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Animation: Co-production – what is it and why do it?

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Co-production: What is it and why do it?

An animation

Quick-read summary

This short animation provides an evidence-based and co-produced introduction to co-production. It provides a definition of co-production. It offers a set of principles to help guide co-production. Some principles offered, like agonistic pluralism, are new. They can be used by people to help do genuine co-production and evaluate the success of co-produced work. Several challenges of doing co-production are also shared. The animation was co-produced and delivered in accessible ways by people with lived experience from the project Moving Social Work.

Who is this evidence useful for?

This animation will be useful for anyone interested in co-production.

Why is this important?

  • Co-production is a lucrative buzzword but is often left undefined.
  • Defining co-production and understanding different principles that underpin it is vital. Definitions and principles help to guide how to work with partners, provide direction for how to do genuine rather than tokenistic co-production, and enables fair evaluation.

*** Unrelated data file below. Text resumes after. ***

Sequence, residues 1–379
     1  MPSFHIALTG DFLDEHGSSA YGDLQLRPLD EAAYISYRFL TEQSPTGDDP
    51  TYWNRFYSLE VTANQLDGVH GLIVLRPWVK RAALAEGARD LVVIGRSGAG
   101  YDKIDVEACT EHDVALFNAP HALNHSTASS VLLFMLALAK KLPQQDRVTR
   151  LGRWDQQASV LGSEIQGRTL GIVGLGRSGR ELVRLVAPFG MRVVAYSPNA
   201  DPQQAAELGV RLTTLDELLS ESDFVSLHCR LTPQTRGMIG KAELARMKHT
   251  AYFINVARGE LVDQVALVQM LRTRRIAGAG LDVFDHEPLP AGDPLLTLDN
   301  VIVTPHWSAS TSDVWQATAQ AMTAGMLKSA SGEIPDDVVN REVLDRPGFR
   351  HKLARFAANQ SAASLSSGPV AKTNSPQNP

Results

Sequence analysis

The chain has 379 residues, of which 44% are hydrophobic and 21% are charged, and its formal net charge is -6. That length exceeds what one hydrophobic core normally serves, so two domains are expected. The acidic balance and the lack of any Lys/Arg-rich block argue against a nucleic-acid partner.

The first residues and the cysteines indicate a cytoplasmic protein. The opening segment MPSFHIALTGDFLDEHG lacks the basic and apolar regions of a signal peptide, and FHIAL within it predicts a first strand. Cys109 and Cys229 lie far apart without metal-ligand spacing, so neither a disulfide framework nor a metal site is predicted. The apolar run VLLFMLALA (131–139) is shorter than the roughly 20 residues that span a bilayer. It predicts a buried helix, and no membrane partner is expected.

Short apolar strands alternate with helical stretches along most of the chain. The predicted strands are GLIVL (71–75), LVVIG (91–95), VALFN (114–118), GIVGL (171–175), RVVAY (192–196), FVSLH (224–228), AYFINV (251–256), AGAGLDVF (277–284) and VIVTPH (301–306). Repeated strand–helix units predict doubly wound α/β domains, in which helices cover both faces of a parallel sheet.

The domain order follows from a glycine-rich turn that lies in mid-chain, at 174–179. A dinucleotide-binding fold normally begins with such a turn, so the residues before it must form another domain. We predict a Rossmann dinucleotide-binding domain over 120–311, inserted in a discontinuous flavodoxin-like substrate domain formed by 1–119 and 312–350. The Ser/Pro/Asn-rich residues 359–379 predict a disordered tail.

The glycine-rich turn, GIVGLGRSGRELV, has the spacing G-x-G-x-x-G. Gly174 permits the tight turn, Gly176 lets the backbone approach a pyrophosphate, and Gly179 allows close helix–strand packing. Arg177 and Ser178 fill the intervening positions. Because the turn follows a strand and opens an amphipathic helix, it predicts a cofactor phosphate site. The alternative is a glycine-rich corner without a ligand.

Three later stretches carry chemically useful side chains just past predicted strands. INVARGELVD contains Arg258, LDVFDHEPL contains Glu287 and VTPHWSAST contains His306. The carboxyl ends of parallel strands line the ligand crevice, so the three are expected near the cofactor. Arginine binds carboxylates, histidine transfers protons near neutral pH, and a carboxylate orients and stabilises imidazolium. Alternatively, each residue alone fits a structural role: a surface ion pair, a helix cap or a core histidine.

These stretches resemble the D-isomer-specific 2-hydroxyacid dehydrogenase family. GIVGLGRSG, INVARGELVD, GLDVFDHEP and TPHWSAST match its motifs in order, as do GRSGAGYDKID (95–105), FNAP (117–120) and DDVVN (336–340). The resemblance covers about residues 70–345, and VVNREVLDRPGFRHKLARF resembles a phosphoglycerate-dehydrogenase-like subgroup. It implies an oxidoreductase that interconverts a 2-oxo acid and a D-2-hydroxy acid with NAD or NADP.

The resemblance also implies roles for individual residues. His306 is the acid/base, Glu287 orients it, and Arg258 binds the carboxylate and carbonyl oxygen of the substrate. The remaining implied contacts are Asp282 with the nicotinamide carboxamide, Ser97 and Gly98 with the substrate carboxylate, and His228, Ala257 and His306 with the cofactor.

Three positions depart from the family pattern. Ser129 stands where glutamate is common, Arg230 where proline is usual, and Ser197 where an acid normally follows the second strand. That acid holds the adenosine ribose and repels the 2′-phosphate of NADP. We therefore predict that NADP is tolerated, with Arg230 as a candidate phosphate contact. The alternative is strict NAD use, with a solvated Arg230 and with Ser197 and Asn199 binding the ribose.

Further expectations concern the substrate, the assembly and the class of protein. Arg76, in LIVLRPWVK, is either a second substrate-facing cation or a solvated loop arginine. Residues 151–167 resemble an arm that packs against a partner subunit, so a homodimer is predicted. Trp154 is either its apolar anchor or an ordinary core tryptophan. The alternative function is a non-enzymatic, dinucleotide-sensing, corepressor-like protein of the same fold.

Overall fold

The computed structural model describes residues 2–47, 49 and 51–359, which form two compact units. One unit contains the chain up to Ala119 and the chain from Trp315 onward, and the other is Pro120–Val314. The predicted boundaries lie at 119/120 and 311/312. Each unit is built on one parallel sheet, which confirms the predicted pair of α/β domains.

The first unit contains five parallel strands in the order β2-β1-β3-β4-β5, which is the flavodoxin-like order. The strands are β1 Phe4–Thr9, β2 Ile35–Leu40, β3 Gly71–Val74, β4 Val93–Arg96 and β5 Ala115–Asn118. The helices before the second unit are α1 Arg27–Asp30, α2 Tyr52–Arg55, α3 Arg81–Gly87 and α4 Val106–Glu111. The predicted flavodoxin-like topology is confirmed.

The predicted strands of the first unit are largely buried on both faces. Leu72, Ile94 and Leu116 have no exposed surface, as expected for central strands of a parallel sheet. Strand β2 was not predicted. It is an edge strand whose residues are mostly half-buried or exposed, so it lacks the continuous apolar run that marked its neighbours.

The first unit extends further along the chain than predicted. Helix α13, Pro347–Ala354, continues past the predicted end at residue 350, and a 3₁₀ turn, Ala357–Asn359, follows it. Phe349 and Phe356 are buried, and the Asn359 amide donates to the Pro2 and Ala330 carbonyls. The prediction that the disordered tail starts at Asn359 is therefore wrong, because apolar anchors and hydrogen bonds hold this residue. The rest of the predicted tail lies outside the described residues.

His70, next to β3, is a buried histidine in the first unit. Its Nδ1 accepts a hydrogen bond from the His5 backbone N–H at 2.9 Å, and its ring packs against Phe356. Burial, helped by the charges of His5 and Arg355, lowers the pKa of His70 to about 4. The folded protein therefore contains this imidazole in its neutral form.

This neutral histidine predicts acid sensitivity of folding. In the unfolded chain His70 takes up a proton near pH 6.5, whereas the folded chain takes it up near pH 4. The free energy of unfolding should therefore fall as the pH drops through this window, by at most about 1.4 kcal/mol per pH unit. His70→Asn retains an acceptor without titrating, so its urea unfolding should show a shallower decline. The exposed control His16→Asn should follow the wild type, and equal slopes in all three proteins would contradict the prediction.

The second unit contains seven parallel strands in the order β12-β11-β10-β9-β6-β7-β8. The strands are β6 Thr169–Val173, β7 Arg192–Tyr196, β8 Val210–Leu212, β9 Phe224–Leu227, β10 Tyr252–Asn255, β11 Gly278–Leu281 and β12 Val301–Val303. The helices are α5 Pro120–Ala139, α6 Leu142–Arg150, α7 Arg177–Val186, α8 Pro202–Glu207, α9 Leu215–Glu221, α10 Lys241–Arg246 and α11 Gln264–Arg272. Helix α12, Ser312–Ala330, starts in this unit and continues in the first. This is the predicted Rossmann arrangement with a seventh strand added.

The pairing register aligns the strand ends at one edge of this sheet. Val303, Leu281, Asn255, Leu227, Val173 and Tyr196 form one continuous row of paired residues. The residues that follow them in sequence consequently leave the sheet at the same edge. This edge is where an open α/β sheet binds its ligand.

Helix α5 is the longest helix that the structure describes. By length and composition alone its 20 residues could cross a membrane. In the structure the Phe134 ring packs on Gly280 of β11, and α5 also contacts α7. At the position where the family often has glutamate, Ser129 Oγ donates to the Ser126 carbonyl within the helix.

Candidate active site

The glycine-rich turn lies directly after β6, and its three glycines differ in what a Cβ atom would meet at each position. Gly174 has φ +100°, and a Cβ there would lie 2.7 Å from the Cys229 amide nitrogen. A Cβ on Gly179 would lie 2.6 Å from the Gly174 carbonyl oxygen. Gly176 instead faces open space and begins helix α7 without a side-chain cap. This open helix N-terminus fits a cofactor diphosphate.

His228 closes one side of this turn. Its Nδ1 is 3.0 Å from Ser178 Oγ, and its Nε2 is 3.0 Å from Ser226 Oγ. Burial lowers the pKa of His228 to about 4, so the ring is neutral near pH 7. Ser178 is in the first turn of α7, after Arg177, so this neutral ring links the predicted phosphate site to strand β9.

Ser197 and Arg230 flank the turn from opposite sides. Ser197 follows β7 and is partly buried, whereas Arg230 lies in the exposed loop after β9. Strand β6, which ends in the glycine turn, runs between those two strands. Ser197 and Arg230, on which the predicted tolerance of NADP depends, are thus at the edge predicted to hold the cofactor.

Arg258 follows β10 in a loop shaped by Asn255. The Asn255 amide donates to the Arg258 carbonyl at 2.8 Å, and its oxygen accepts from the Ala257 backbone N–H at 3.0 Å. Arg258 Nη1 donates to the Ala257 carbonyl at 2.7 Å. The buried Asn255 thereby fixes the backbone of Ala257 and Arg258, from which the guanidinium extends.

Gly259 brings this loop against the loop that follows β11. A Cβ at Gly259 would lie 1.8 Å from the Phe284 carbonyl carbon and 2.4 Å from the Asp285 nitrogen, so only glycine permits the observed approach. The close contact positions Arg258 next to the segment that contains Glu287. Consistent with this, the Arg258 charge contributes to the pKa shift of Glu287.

• This animation introduces for the first time a new principle to guide co-production.
  • The new principle, agnostic pluralism, helps to honour different voices, negotiate power, and enable equitable relationships.

Disabled people, social workers, and community based physical activity leads were all involved in this work

 Watch the animation

What’s next?

  • We must be clearer that co-production is not consultation, co-design or co-creation. These are all different co-production.
  • Co-production is not ‘the gold standard’ for wanting to make change. If co-production does not meet your needs, or if people are unwilling to commit to doing it genuinely, then be honest, reflect, and don’t do it on this occasion. On certain occasions other approaches like consultation, co-creation, or feedback might be more relevant for what you want to achieve. That is fine! You don’t need to feel bad if co-production isn’t for you or your organisation at this time.
  • If you choose to do co-production agree with partners on your vision for co-production.
  • Agree with partners what you understand co-production to be and the principles that will guide its development.
  • Co-production is a great way to understand place and inequalities by working with people in local communities so that solutions to problems where they live can be better achieved.
  • Co-production can be fun!

Lead researcher

Professor Brett Smith, Department of Sport and Exercise Sciences, Durham University

Get in touch about this research

[email protected]

Read the full research paper linked to this work: Co-production: A resource to guide co-producing research in the sport, exercise, and health sciences

Published in Qualitative Research in Sport, Exercise and Health, Volume 15, 2023